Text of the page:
There’s a wild black cherry tree on our back border that is just covered with webs and has been 80% defoliated by the Eastern Tent Caterpillars.
Do you get a feeling of revulsion when you see tent caterpillars in trees? Or when you recognize them crawling around on other plants and on walkways? I know *I* get kind of grossed out but we’re going to find out more about these pests.
The Eastern Tent Caterpillars (ETC) are among the most social of larvae. Think about most moths that lay eggs and the little caterpillars just do their own thing while on the same host plant. Not so the ETC. Mom, the plain looking brownish nocturnal moth, lays 200-400 eggs in a single batch sometime between late spring and early summer. All these eggs quickly develop micro caterpillars within the egg, but they just quietly wait a year until the tree buds are just developing and BAM! they all hatch.
As soon as they emerge in their hundreds, they all start spinning a silken webbing to hang out in, the more the merrier. Every time they are about to leave their tent, they add some more to it. In fact, this species builds the largest hideout of any sort of tent caterpillar. They orient their nests to catch the most sun and spin the thickest silk where the sun hits. They need sun to elevate their body temperatures so that they are able to digest their food. How do you know you are looking at an ETC nest without seeing the cats? They are in the crotches of the host trees and do not enclose leaves inside the webs–THAT is the sign of the Fall Webworm, active later.
Tent caterpillars emerge from their webbing three times a day, en masse to increasingly distant feeding sites, laying down pheromone trails behind them. Like the social ants, they mark the way for their brethren to come and get the food any explorers have found. After every feeding session, they hightail it back to the tent and hang out together, digesting, playing cards and telling bawdy caterpillar jokes, no doubt.
Another advantage of this large social gathering is the “group display”, like a school of fish makes a moving target. Predators or parasites are treated to the “twitch and writhe” display of a mass of hundreds thrashing around as a dissuasion.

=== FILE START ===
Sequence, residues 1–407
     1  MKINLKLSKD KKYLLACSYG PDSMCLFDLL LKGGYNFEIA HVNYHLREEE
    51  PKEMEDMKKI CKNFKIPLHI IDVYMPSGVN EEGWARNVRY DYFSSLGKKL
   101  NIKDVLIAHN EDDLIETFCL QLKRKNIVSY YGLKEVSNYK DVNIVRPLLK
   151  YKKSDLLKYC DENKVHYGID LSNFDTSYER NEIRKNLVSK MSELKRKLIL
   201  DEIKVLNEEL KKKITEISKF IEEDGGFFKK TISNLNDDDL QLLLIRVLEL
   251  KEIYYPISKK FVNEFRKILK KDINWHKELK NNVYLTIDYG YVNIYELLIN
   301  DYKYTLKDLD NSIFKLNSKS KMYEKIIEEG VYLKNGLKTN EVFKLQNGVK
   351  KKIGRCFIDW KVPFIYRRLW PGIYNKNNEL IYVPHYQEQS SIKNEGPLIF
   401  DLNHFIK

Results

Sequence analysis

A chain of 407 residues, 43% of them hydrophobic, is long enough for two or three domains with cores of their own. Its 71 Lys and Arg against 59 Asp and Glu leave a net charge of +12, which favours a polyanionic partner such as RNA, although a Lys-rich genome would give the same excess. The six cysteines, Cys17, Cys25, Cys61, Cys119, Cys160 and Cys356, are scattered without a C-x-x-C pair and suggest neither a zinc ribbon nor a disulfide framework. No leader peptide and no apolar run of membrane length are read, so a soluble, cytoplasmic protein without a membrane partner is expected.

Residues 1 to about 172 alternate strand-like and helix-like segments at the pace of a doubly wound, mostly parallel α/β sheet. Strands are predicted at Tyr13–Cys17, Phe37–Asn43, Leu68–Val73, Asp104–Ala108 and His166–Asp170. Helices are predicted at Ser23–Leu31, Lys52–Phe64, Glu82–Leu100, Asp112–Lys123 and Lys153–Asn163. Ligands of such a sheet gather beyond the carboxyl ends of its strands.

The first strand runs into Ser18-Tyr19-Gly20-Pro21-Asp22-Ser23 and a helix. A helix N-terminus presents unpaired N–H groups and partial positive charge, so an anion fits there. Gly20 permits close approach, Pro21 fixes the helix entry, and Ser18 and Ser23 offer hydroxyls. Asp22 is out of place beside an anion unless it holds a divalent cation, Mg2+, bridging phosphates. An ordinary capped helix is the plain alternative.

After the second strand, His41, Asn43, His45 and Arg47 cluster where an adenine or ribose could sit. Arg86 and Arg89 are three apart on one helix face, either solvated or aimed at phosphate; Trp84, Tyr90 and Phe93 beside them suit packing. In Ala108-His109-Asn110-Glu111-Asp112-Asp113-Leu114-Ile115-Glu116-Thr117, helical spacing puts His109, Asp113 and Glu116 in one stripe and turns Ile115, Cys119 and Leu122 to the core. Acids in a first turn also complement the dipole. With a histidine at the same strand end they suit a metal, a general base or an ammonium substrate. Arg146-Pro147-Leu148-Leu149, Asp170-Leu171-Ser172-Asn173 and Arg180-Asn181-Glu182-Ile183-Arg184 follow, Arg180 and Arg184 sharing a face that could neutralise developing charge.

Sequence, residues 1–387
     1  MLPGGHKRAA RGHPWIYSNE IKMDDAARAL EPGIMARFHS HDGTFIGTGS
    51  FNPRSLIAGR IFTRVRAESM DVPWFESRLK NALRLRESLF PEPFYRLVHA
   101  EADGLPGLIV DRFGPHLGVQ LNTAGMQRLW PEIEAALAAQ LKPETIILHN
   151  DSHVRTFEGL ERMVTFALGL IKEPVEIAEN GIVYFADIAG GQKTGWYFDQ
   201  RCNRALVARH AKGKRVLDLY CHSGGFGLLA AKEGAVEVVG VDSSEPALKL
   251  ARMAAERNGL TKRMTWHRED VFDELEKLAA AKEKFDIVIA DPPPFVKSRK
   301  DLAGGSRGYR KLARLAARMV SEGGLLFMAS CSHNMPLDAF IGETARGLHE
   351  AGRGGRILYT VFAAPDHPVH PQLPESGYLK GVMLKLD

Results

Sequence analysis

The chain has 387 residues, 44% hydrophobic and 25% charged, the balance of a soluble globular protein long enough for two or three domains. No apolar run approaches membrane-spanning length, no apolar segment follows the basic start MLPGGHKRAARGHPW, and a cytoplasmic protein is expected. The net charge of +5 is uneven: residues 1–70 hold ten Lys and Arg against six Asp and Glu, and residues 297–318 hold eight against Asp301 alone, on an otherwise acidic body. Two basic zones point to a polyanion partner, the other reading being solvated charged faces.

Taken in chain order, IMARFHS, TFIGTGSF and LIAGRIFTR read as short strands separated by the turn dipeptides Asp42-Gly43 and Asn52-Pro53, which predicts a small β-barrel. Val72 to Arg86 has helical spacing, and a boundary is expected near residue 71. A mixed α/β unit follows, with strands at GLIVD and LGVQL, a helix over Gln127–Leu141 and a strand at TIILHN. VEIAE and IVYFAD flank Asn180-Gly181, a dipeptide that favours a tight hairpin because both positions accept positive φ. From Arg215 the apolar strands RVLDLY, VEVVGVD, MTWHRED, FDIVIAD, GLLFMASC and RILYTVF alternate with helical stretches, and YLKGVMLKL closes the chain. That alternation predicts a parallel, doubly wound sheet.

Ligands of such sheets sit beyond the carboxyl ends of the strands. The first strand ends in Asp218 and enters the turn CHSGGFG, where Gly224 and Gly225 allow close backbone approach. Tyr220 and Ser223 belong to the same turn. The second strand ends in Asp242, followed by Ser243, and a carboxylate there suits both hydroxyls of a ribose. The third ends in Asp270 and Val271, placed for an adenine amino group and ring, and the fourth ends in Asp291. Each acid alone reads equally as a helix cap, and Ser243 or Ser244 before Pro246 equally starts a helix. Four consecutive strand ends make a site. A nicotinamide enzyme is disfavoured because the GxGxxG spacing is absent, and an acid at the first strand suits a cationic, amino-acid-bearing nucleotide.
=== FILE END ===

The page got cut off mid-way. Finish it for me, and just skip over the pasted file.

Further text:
Eventually, there is a signal to disperse and make an individual cocoon. And a couple weeks later, the moth emerges and the cycle begins anew.
ETC’s are said to have warning coloration–aposematism—“we’re hairy and we don’t taste good”. And those that eat cherry leaves are full of cyanogenic juices, which the cats regurgitate if they are disturbed.
Many sources remark that nothing will eat these except maybe a cuckoo. But, a scientific investigation by naturalists has revealed otherwise—that ETC are actually quite ecologically important and positive in the scheme of things.
Here is some information from Conservation Resource Alliance:
- The cats and moths are eaten or parasitized by at least 127 species–braconid, ichneumonid and chalcid wasps,for example.
- 60 bird species have been documented as eating them including orioles, jays, chickadees, nuthatches and cuckoos. In fact, during ETC season, it was found that birds feeding nestlings would turn down proffered mealworms in preference for ETC cats.
- A controlling action on the ETC population is provided by frogs, mice, bats, reptiles, squirrels, skunks, and bears. One researcher investigated bear poop and found evidence that a single bear averaged eating about 25,000 cats in a day. (retch!). Easy pickins’ during the ETC season! Just raid the nests.
So, from an environmentally conscious viewpoint, they are beneficial. But, what to do about the ones greedily feeding on your ornamental plum or crabapple trees?
- First, be thankful that it is only one generation yearly and it will gives the trees time to recover from the defoliation in a few weeks.
- In the fall and winter, the egg cases can be easily seen and picked off.
- During the tent phase, in the early morning or evening while the cats are still inside, take a stick and wind the tent mass around it or prune out the tents, then destroy them.
- Insecticides are said to be relatively ineffective against mature larvae, but young cats not in the webbing can be treated with bacillus thuringiensis varkurstaki in insecticidal spray.